When I was a kid, I was particularly good at Skee Ball. I remember one family vacation to N.J. to visit my Aunt Ella, stopping at some run-down arcade with Skee-Ball and rolling a high score. This talent continued through my teen years and early adulthood. When I visited NYC in the mid- to-late 1970s, I always made it a point to stop at the Playland at 1565 or 1580 Broadway and play Skee-Ball. As I recall, I accumulated enough tickets to win a metal Statue of Liberty souvenir. Back then, every neighborhood carnival seemed to have a few Skee-Ball lanes, but these dwindled over the years until you could no longer find them. Skee Ball was relegated to a a few old school game arcades and later to party venues like Chuck E. Cheese, GameWorks, Dave & Buster’s, and the like. The balls at GameWorks are made of cheap white plastic and simply don’t have the same “roll” as the originals or well-made new balls. Furthermore, one game costs four credits which is $1.00!
A few days ago, I posted an ad of a backyard roller coaster on a Facebook page dedicated to advertisements from the 1960’s-1970’s. This ad and another photo were shared by a reader on my Toys from the 1960s-1970s blog. I know nostalgia strikes a chord with many people, but that blog has elicited far more comments and views than anything else I have ever written. Published in December 2013, the blog still generates a good deal of interest. What is even more amazing is that the Facebook post has evoked a torrent of comments, some of which I will share further on in this blog. Reader Robert Jaye shared information about this backyard roller coaster in June 2014: We had a backyard roller coaster set from Montgomery Ward. It was little more than a tubular slide set. The tubes slipped over one another and one climbed to the top of the slide, and sat on a cart with wheels that were molded to ride the tubes. You pushed a release and down you went, all of five or six feet at a gentle slide angle. You rolled on for another five feet before encountering two small bumps that slowed you down before you rolled off into the grass.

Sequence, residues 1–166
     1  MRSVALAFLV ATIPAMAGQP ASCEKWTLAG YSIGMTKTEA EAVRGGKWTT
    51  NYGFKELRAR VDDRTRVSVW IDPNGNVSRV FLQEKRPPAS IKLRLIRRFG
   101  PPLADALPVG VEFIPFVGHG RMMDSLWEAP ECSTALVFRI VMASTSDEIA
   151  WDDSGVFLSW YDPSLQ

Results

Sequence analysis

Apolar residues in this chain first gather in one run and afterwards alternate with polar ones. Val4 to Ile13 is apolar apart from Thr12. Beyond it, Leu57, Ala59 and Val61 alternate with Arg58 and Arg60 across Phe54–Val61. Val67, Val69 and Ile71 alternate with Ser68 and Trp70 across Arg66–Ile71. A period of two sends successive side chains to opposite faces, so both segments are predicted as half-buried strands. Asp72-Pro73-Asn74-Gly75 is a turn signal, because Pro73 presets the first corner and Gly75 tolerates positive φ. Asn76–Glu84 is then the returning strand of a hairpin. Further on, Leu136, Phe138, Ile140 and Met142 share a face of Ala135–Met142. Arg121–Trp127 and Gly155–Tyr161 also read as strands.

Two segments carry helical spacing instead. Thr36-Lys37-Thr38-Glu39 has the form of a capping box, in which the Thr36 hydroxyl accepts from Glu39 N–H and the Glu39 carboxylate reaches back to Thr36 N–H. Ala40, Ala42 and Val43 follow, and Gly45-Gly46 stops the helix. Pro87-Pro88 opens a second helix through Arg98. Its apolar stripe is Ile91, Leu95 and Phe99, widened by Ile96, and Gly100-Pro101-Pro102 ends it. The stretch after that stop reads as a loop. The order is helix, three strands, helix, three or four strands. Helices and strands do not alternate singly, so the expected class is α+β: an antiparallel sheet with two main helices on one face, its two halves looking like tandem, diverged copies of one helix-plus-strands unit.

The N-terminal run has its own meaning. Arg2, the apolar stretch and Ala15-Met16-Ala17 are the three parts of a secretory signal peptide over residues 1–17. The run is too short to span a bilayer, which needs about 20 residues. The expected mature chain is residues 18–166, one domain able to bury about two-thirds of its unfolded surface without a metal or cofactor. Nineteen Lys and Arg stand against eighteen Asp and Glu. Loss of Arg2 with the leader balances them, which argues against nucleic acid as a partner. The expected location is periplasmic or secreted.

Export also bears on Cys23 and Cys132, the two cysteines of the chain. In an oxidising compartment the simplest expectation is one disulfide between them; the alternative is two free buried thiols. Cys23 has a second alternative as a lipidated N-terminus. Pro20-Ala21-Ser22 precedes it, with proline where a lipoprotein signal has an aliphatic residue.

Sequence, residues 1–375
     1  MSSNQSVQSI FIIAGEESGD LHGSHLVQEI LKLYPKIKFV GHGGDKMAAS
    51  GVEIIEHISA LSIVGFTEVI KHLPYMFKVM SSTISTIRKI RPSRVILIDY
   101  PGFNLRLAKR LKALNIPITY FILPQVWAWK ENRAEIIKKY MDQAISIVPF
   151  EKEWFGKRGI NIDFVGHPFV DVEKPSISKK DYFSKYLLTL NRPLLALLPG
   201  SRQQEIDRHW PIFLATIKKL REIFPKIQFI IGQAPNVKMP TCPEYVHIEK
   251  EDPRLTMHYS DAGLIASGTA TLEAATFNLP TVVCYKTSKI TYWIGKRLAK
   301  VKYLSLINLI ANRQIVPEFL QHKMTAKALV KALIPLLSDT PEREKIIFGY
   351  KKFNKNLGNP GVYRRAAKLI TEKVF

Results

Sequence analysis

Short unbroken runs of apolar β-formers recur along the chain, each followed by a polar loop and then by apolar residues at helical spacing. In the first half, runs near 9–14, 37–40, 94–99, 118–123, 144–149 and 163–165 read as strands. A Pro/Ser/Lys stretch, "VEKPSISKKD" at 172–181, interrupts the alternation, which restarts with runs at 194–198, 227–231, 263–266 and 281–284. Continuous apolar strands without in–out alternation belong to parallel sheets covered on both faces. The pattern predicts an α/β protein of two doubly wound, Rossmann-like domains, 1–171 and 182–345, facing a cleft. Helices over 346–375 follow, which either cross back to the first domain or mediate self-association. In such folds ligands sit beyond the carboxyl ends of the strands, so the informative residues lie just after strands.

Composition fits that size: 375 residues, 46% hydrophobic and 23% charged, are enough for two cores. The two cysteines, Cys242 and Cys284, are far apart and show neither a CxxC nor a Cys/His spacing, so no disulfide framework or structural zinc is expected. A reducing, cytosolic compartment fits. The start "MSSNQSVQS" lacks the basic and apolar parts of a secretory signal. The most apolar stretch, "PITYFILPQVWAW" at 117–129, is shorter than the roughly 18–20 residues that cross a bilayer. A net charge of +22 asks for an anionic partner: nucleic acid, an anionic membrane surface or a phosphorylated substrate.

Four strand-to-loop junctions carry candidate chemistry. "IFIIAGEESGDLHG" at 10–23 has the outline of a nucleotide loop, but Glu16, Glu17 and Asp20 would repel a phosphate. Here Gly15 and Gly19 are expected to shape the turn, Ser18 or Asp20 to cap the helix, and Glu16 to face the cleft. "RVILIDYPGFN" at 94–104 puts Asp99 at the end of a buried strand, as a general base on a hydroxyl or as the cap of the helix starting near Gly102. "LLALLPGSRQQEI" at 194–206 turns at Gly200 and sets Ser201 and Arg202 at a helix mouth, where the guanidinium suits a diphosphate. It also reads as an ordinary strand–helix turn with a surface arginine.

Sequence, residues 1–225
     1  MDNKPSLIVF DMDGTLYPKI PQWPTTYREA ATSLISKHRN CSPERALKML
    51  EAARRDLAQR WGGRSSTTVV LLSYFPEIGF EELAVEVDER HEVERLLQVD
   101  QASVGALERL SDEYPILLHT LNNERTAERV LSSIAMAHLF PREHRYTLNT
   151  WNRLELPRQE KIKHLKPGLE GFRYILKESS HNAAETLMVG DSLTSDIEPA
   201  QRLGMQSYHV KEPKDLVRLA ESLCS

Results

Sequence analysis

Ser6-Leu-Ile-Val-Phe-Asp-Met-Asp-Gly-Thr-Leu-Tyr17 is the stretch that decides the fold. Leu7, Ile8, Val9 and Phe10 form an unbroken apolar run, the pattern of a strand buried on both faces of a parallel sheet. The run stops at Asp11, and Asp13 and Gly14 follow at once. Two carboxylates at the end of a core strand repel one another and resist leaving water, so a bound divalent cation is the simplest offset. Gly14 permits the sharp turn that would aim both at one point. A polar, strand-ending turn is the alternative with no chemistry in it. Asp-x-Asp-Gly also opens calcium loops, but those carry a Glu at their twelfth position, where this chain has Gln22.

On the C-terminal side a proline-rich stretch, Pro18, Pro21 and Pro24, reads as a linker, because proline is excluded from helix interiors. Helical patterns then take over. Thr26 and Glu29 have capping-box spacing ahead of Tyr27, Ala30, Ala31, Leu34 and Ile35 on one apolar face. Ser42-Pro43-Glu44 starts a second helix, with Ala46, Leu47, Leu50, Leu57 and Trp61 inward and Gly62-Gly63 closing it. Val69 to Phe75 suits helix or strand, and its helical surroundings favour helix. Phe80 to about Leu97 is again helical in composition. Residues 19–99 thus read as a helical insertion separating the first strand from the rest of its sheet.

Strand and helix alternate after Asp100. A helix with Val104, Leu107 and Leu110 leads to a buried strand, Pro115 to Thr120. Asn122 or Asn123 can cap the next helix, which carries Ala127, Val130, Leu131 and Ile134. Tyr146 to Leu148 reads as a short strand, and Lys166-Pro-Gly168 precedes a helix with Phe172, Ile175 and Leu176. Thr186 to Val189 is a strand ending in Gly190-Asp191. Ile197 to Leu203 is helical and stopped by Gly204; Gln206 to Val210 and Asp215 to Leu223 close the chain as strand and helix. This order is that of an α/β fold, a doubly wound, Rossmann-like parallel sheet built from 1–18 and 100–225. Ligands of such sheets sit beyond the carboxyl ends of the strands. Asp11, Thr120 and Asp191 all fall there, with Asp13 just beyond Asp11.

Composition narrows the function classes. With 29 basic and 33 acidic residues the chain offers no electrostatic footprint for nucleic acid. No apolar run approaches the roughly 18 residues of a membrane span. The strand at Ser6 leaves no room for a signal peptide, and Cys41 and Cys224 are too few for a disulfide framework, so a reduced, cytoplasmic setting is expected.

I have a fascination with amusement parks dating back to childhood. This interest relates primarily to the imagery, colors, and people-watching potential associated with these venues rather than anything practical because I actually dislike most rides. I am a wimp when it comes to roller coasters and rides that spin, although when I was a kid I could handle some spinning rides like the Tilt-A-Whirl and smaller coasters. There are a few fond memories that I will touch upon in this article, with Hollywood Kiddieland topping my list. I enjoyed this magical place from a wee tot all the way through my teen years when a high school boyfriend worked at the batting cages. I am very interested in amusement parks from a historical perspective and although I only went to Riverview Park once and never had the pleasure of exploring Coney Island, these two parks have been lifelong objects of my affection. My trips to NYC during college and more recently were too brief to justify the long subway ride, and now of course, Coney Island has changed drastically. I have been to Disneyland three times and to Disney World once, but these iconic parks really don’t rock my boat. If I had to choose one of these parks, my preference would be Disneyland.